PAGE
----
9. A thesis (or two papers), accepted by a supervisory committee, and required to follow a specific format set by the Graduate School. Requirements are outlined in the booklet Style and Policy Manual for Theses and Dissertations, available from the Graduate School or the Geography Advising Office. Students are encouraged to consult with the Graduate School before submitting a final copy. The thesis (or a set of two high quality research papers) is judged according to professional standards of organization, presentation of appropriate evidence, thorough use of an appropriate methodology, and a generally readable writing style.

10. A Final Examination, constituting a defense of the thesis (or papers) upon completion of the thesis (or papers). The student's Supervisory Committee may, however, elect to combine an oral examination requiring general competence in geography and the thesis defense in a single Final Examination.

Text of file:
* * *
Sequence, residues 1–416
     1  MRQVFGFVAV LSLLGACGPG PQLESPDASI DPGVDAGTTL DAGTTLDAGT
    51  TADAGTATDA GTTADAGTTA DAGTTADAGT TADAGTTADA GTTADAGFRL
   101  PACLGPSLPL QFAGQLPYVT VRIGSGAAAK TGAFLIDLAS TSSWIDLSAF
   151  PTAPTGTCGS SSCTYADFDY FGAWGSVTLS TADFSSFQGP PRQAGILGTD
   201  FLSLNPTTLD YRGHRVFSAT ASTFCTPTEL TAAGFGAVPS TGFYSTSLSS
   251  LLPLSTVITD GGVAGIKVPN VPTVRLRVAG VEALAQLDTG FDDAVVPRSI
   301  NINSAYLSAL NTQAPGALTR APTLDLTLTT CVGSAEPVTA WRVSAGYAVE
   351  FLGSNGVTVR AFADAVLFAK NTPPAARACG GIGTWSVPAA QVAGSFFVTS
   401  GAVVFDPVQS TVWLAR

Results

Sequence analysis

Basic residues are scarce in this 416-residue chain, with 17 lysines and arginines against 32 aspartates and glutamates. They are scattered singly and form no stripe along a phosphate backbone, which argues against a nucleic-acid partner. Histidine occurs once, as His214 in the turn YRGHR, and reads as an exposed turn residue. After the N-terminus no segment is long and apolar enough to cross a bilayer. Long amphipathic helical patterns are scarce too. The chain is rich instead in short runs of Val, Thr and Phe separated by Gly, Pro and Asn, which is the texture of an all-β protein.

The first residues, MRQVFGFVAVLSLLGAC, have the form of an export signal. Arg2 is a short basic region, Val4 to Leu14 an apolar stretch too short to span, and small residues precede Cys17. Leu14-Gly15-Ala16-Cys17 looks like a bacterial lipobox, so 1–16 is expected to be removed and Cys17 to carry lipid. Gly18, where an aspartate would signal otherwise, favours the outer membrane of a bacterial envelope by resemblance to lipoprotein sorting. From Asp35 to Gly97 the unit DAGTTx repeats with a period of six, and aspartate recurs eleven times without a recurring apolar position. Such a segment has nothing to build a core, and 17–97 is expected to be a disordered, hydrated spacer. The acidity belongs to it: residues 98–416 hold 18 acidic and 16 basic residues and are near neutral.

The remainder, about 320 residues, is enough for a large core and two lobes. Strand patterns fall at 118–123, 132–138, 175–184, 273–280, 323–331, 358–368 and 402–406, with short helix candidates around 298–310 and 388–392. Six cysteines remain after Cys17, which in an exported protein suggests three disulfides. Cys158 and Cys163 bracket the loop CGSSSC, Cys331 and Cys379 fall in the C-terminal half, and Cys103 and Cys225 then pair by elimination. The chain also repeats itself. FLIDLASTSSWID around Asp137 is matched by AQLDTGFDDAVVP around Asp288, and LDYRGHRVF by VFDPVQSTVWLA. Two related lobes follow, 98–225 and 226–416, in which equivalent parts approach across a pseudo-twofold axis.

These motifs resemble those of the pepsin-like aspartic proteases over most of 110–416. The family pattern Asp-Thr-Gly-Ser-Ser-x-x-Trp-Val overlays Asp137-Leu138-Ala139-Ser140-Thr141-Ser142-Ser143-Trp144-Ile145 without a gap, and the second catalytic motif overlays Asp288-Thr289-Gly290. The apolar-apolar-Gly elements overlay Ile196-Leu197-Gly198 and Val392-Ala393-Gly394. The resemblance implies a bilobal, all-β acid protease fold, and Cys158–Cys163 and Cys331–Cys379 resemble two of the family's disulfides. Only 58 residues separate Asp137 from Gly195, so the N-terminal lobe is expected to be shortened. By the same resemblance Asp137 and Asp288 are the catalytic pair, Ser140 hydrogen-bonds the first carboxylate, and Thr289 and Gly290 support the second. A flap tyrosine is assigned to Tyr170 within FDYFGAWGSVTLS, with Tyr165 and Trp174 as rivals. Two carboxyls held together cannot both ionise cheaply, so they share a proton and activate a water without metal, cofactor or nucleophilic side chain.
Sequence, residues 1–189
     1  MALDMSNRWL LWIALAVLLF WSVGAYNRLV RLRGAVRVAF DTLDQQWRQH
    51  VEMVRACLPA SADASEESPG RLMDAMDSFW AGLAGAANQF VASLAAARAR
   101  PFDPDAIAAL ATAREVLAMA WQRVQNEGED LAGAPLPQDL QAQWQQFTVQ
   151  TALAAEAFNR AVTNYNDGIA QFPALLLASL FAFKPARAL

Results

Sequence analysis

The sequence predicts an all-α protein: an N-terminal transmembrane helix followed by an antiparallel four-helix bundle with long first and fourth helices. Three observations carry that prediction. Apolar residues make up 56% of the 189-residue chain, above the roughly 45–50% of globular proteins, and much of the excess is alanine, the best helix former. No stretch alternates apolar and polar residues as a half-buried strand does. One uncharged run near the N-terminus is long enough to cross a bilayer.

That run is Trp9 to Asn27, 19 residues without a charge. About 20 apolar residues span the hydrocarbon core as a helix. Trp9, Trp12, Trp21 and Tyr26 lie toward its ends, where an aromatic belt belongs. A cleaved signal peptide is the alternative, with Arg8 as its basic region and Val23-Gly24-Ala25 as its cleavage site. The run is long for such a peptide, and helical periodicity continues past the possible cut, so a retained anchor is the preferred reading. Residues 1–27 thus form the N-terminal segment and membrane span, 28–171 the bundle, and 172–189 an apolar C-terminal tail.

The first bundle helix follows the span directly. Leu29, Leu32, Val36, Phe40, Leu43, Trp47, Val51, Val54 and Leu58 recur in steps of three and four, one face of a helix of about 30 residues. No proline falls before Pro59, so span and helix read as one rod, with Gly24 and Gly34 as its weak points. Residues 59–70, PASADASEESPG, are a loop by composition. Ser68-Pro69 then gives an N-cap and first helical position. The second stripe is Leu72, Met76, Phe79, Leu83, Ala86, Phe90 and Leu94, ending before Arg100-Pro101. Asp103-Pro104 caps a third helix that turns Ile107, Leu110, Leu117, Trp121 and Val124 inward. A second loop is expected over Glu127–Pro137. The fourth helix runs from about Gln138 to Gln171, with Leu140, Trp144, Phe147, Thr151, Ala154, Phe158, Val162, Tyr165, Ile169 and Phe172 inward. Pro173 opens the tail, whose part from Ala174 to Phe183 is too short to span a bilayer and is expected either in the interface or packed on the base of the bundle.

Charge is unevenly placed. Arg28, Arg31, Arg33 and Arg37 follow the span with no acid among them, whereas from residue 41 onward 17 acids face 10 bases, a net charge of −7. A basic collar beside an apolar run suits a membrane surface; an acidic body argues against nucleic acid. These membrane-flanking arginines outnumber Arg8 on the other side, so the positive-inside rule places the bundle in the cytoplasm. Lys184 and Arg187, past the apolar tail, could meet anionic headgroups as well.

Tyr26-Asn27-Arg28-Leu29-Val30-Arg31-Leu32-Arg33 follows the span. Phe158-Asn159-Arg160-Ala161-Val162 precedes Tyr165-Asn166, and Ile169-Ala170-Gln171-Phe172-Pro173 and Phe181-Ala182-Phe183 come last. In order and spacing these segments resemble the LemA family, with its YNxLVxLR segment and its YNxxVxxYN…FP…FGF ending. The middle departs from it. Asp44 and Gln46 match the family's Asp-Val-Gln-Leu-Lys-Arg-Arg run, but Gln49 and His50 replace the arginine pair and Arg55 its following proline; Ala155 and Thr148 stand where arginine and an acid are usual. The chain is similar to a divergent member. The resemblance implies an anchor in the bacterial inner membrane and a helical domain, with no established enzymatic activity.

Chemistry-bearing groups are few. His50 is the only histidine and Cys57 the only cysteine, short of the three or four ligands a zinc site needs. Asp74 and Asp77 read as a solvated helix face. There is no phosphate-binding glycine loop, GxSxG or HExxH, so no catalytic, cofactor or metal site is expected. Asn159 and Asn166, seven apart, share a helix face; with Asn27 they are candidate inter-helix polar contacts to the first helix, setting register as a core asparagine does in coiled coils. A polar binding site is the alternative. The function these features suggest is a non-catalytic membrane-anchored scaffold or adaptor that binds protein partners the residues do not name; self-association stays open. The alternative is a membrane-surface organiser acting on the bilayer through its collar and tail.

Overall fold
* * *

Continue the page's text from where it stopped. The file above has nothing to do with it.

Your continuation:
The Faculty Adviser and the Thesis Advisory Committee

A student entering the program should meet as soon as possible with the Graduate Program Coordinator, to review degree requirements and discuss the choice of first-year coursework. At this meeting, the Graduate Program Coordinator and student should agree on a preliminary faculty adviser to assist the student in matters of scholarship and professional preparation, as well as in planning future coursework. The adviser will serve in this capacity until the Chair for the student's Master's Program is appointed.